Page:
But that will require an evolution in the way they play. An evolution that can be helped by both Montero and Baldisimo. Two players at either end of their careers who appreciate that the ball is their friend and who want it be the friend of their friends too.
Whether that can happen this season is unlikely. But the process can at least start, and it has to start because the Whitecaps can’t survive if they treat every one of their upcoming matches as the road games they actually are.
Somehow Dos Santos has to instill the mind set into his players that where they are playing is irrelevant for the rest of this season. Every game can’t be a backs to the wall, smash and grab raid. Not successfully anyway.
Wherever they lay their cleats, that’s their home for the rest of the year.
Who knew that all the Vancouver Whitecaps needed was a player with genuine quality who could link up with his teammates and keep the ball?
Fredy Montero didn’t quite win the game single handedly against the Montreal Impact on Wednesday evening at BC Place, but it felt that way at times.
Only playing because Lucas Cavallini picked up a red card in the previous game, Montero was clearly out to prove a point before the team head south to who knows what.
He drifted around the field, always offering himself as a passing option and always treating the ball with respect rather than as a hand grenade with the pin pulled out that has been the dominant style for this team all season.
He also used a touch of devilry to make a half-hearted punch to his knee look like a hammer blow to the head as wielded by George Foreman in his prime.
Oh, and he managed to score from the subsequent penalty kick.
Elsewhere Cristián Gutiérrez slotted in at left back in place of Ali Adnan and offered the Impact none of the freedom the Iraqi afforded them last time out and David Milinkovic demonstrated that his best position by far is the number ten role where he can be both creative and an early line of defence.
It’s hard to make any sweeping judgments after a game in which the opposition go down to ten men in the first half. And it’s even harder when we remember that this was yet another change of formation for the Whitecaps with a line up that featured several players who wouldn’t be in the coach’s first eleven all other things being equal.
Which poses this problem.
Both Montero and Gutiérrez have earned the right to start the next game in Salt Lake on Saturday, so does Marc Dos Santos pick them and leave out his two Designated Players? Or does he tinker with the formation yet again to accommodate all four and risk unbalancing a system that at least displayed a semblance of coherence?
No doubt he will say this is a good problem to have. But it isn’t. It’s a potential problem for a squad that always seems to teeter on the cusp of discontent.
Some random thoughts about the Whitecaps because, you know, we don’t want to let the wound heal.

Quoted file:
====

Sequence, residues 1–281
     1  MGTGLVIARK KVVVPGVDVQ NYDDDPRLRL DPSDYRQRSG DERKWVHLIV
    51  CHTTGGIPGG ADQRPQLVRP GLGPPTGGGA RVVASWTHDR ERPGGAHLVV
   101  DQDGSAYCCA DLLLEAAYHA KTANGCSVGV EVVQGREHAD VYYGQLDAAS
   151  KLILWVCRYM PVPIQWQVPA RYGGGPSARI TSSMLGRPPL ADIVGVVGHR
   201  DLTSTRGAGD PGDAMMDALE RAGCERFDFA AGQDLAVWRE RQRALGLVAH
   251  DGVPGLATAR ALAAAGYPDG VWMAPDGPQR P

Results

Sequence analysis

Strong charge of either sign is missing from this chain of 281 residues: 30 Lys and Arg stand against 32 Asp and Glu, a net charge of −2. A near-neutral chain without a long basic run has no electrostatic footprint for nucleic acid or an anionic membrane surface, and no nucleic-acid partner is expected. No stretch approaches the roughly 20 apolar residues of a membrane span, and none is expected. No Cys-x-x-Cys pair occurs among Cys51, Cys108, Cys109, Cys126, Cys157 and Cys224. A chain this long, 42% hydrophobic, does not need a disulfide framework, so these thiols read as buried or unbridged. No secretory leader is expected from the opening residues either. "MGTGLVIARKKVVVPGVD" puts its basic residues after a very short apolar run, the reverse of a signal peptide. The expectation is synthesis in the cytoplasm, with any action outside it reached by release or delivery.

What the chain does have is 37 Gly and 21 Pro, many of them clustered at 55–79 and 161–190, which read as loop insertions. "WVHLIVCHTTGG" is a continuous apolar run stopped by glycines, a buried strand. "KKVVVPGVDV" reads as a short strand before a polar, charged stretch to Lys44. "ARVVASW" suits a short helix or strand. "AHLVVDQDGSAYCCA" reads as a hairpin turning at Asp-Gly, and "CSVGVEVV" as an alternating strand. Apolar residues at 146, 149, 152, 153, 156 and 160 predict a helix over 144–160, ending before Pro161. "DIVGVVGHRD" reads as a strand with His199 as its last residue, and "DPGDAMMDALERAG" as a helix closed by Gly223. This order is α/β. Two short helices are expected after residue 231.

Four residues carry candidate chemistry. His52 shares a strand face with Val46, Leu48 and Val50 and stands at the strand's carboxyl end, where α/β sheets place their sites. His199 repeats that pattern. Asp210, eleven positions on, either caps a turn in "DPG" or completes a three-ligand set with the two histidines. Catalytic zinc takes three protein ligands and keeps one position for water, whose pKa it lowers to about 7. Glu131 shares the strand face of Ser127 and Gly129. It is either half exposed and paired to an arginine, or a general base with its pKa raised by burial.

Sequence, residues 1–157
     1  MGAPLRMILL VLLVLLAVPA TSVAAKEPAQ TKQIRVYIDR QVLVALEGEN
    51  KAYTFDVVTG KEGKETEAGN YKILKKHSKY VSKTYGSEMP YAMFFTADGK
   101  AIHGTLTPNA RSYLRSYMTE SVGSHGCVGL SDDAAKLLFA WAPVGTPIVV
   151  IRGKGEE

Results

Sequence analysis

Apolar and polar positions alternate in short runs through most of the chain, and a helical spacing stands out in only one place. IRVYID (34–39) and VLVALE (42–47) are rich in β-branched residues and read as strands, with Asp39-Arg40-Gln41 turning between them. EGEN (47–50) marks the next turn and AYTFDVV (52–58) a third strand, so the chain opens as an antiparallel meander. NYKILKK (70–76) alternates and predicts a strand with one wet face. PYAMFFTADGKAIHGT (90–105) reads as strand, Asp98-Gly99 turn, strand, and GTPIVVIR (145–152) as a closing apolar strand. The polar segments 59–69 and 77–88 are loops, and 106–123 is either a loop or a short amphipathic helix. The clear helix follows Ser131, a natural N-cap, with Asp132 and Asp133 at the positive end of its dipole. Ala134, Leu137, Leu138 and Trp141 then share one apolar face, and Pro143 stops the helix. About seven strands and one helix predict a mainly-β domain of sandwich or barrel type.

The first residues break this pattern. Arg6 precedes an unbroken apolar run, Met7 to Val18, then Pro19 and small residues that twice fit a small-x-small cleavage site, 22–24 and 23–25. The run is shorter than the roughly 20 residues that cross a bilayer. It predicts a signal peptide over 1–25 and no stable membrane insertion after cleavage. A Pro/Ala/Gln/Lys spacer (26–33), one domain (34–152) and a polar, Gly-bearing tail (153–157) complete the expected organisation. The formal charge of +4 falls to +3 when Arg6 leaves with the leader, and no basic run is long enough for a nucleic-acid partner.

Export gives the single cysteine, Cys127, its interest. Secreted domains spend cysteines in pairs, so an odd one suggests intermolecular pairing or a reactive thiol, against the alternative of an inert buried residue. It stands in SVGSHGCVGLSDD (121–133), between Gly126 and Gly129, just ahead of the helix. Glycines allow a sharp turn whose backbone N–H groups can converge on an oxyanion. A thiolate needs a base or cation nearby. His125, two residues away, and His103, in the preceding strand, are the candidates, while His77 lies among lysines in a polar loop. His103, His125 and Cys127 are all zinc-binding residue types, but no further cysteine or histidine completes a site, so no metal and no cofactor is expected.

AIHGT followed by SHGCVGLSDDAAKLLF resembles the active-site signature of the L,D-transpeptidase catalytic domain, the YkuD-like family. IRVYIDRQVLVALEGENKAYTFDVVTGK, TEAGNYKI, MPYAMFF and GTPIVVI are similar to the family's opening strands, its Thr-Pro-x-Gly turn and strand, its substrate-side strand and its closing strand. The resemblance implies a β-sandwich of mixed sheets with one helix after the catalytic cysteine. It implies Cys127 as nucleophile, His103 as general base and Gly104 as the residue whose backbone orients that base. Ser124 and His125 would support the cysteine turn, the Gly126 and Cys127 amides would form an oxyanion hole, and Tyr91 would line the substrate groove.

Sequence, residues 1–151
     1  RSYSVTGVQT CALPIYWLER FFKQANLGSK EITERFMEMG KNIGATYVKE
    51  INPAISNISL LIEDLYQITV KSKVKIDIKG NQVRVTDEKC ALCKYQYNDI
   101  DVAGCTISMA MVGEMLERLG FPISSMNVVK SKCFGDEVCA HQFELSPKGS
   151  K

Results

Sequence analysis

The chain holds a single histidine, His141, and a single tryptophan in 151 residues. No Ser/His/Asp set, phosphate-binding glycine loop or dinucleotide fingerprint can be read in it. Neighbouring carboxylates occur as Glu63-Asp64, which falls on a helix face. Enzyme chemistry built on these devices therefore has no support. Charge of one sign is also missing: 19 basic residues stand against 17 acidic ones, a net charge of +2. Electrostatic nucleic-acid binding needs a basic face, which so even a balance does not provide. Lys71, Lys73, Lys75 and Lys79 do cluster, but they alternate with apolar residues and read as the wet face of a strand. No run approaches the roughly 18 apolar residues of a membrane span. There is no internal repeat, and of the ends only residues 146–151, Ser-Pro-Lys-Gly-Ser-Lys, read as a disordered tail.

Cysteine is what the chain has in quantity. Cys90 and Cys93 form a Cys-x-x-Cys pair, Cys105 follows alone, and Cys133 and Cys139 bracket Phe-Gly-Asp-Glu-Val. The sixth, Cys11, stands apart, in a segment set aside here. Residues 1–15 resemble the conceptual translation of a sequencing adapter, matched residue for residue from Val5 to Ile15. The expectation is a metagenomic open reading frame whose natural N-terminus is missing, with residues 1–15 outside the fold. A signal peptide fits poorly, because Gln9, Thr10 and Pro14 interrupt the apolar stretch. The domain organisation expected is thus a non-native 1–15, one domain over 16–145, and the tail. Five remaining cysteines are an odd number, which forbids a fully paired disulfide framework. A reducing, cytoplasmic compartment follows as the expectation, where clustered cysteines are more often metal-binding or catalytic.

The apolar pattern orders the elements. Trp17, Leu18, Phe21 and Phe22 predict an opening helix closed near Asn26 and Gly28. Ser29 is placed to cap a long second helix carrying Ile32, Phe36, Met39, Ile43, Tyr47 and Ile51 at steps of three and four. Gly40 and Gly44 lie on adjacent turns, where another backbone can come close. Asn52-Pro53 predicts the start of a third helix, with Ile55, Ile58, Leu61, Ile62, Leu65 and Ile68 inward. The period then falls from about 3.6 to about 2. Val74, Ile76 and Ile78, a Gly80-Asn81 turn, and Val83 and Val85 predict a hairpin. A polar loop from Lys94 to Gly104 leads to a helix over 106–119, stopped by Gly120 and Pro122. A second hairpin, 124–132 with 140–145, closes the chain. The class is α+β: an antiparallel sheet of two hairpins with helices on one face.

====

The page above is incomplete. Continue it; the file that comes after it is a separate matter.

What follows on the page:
The odd thing about Marc Dos Santos is that he clearly knows what is going wrong with his team.
He isn’t some intransigent coach who refuses to accept the evidence of his own eyes. He knows the team don’t keep the ball, he knows they collapse the moment a game turns against them and he knows they sit too deep and don’t create enough attacking opportunities.
He just doesn’t seem able to translate that knowledge into the real world. Which is a shame.
Time for Hasal to step aside? He was the third choice keeper about two months ago and he’s had a great run in the team. But last night felt as though the trauma of keeping goal behind that defence finally caught up with him. Best not to destroy his confidence just because he has a good narrative.
The thing about Russell Teibert is that he hardly ever gives the ball away, but he almost always gives the ball to somebody in a position where they are likely to give it away. A backward pass to a central defender may keep the ball in the short term but, two passes later, that possession is almost always gone.
There should be a special passing stat for players who play this way.
Leonard Owusu has gone from the “I like the look of him” zone, to the “For the love of all that is holy just pass to one of your own players!” zone in quick fire time. So he’s settling in nicely.
Who are ya? Seriously, who are the Whitecaps? Or, more pertinently, who and what are they trying to be? Their formations change by the game and their tactics change by the minute. They”ll never be able to assemble a functioning squad if they don’t know what kind of system they are buying players for.
And what of Lucas Cavallini? He presses defenders, but the rest of the team give up on following suit after about twenty minutes.
No wonder his is frustrated. But he’s been no friend to himself since he arrived. If he could take a penalty kick he’d have a respectable three goals from seven games right now and, against Montreal, he was clearly fighting inner demons as much as anything else.
He looks like a man adrift in more ways than one.
Did the smoke affect the mood of the game? None of us have enjoyed living under the grey canvas of wildfire smoke. The unnatural chill, the hint of ash at the back of the throat, the sense that our lungs are working harder for less and less reward.
So how much more frustrating must it feel to be a professional athlete having to perform in such conditions?